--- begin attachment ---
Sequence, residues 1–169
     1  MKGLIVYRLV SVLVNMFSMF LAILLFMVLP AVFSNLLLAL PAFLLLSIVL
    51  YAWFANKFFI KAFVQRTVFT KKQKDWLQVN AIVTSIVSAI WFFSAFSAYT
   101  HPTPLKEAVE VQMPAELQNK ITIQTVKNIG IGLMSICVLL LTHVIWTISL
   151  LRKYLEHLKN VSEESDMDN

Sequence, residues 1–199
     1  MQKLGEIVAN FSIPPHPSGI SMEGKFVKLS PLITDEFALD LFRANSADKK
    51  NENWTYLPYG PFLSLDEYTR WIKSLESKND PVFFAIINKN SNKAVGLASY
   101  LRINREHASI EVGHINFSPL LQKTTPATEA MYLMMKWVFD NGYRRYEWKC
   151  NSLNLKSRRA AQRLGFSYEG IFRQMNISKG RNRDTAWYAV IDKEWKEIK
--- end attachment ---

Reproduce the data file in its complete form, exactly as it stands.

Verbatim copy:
Sequence, residues 1–169
     1  MKGLIVYRLV SVLVNMFSMF LAILLFMVLP AVFSNLLLAL PAFLLLSIVL
    51  YAWFANKFFI KAFVQRTVFT KKQKDWLQVN AIVTSIVSAI WFFSAFSAYT
   101  HPTPLKEAVE VQMPAELQNK ITIQTVKNIG IGLMSICVLL LTHVIWTISL
   151  LRKYLEHLKN VSEESDMDN

Sequence, residues 1–199
     1  MQKLGEIVAN FSIPPHPSGI SMEGKFVKLS PLITDEFALD LFRANSADKK
    51  NENWTYLPYG PFLSLDEYTR WIKSLESKND PVFFAIINKN SNKAVGLASY
   101  LRINREHASI EVGHINFSPL LQKTTPATEA MYLMMKWVFD NGYRRYEWKC
   151  NSLNLKSRRA AQRLGFSYEG IFRQMNISKG RNRDTAWYAV IDKEWKEIK